[dns-operations] resimprove and Re: DNS Flush Protocol

Edward Lewis edward.lewis at icann.org
Thu Apr 2 14:38:13 UTC 2015


On 3/31/15, 13:49, "Paul Vixie" <paul at redbarn.org> wrote:

> the descendant's apex NS TTL has a higher credibility.

A nit - RFC 2181 uses trustworthiness, not credibility.  I had to "fix"
that in my discussions on the topic.  (Trying to stem terminology creep.)

>if you have an alternative in mind that uses some other existing
>transaction (like the delegation's TTL) then it could scale to the size
>of the current and future internet, and in that case i'd like to hear
>your thoughts.

I wouldn't propose such an alternative.  I don't think building on an
'existing transaction' will stand the test of time.

In brief, twisting a unused element of the protocol is something I'd be
cautious about.  (Such approaches have been tried before.)  Examples of
this have been round-robin ordering of records in a response, the 0x20
approach to reduce forgery of messages.  Sometimes this gets burned into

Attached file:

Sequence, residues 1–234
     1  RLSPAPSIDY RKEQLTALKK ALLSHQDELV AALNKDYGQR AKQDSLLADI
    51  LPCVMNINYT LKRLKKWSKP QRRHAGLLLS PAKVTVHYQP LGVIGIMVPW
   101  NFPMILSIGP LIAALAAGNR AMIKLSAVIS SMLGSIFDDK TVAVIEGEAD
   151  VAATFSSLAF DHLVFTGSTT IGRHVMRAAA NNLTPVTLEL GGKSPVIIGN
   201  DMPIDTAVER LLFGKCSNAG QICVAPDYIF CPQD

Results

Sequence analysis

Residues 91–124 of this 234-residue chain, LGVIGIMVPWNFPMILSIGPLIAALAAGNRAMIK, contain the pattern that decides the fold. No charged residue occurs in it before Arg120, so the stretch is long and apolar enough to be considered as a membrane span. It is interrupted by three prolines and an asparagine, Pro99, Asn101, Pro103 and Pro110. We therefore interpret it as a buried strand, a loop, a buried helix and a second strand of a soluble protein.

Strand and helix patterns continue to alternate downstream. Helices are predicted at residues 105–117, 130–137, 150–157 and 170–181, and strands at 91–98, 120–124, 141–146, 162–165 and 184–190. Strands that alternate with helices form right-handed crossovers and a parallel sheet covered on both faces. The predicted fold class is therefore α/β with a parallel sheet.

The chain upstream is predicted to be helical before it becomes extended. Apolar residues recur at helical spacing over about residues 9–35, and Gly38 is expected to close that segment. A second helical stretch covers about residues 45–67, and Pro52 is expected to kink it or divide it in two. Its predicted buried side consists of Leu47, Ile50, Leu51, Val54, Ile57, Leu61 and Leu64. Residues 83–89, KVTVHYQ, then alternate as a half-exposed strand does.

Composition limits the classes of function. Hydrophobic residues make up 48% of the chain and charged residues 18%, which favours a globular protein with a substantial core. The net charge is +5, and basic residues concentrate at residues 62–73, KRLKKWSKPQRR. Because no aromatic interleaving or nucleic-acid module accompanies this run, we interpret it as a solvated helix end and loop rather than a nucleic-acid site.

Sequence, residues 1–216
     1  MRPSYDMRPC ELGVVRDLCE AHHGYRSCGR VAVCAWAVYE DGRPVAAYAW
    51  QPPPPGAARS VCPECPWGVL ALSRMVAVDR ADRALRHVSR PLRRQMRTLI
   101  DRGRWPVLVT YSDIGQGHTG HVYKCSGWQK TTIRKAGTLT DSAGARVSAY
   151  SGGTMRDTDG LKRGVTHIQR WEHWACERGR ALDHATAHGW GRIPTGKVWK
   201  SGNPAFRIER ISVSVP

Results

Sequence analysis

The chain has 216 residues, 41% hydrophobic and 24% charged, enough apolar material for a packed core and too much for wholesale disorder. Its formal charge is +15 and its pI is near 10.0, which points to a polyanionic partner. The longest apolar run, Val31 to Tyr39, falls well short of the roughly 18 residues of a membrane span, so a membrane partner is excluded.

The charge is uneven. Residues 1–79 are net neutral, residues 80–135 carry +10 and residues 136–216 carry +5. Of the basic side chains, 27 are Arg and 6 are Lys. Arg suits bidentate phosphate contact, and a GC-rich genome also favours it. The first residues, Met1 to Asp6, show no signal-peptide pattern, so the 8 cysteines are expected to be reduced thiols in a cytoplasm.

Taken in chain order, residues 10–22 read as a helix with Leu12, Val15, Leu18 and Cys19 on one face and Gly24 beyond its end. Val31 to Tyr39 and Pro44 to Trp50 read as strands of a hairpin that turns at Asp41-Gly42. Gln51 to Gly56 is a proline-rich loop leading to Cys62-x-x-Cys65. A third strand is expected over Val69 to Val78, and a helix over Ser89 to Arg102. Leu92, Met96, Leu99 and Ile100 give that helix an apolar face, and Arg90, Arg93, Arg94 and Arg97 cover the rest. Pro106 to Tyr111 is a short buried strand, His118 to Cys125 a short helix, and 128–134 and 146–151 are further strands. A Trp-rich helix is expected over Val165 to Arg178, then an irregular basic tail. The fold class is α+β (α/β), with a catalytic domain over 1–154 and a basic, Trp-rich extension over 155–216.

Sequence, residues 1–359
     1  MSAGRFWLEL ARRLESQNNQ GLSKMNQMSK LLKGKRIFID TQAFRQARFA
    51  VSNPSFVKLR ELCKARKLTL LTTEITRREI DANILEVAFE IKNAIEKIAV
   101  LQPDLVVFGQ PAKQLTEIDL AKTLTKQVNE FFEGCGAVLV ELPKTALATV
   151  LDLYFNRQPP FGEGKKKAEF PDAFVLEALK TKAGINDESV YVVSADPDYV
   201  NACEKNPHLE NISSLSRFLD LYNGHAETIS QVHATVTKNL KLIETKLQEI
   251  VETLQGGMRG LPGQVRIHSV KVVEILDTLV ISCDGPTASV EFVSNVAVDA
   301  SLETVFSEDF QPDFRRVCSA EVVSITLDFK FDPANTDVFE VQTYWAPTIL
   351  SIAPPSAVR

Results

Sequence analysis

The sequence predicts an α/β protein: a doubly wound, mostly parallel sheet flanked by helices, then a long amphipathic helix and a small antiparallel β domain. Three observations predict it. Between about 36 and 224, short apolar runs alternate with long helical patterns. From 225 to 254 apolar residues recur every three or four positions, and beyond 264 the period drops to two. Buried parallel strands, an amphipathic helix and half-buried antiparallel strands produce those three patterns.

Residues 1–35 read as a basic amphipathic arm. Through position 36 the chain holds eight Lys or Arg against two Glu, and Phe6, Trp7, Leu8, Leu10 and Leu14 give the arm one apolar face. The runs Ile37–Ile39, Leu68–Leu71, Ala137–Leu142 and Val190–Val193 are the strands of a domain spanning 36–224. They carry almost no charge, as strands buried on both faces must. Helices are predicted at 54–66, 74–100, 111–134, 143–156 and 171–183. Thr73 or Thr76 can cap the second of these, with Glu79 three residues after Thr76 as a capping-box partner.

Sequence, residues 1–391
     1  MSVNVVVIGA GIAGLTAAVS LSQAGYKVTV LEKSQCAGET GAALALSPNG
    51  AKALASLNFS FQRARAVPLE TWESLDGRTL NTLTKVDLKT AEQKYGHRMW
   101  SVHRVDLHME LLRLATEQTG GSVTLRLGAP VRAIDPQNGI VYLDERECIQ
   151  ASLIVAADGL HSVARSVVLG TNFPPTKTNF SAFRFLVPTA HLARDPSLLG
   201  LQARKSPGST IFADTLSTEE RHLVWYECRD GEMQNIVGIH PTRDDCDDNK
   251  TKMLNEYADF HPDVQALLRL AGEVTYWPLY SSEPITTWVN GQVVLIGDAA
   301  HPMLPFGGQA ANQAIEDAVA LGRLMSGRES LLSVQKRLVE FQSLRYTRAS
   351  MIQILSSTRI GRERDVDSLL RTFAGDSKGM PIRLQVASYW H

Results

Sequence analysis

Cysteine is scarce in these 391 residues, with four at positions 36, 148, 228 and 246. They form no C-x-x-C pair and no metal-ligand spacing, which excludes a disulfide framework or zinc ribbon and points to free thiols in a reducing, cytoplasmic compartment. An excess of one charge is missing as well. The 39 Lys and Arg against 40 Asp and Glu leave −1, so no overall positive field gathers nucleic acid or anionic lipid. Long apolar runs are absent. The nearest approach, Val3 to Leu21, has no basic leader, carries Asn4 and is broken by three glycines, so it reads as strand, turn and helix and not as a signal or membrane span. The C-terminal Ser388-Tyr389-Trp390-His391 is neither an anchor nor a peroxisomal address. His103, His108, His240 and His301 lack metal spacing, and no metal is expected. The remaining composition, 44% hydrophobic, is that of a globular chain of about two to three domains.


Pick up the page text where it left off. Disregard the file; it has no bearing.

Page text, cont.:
implementation and bites us later (round robin) and sometimes it doesn't
prove powerful enough (0x20).  I've not done comprehensive work on this
point, so, this is more feeling than proof.  The TTL of a record set is
meant to be an expectation of how long until it might change.  Using it
for other purposes triggers my ulcers.

The request to purge caches is not a function of the DNS protocol, it's a
function of the environment we operate in.  I don't see it needed in
private DNS set ups, and in other inter-networks there are controls to
reduce the need.  From this observation, I really wouldn't burn this into
the core protocol.  I prefer an external solution based on the
observations of how the Internet is put together(work /constantly/ in
progress) and on the observation that there's an apparent demand for a
control layer over the DNS.  (DNS 2.0 is Quixote's windmills, yes, there's
a more realistic chance of fixing the Internet's DNS environment.)

I don't think burning assumptions into the protocol about today's
situation and problems will benefit future situations.  That has backfired
before, it has made extending the protocol difficult.  (We seem to
increasingly assume that the global public Internet is the only use case
for DNS, which bothers me too.)
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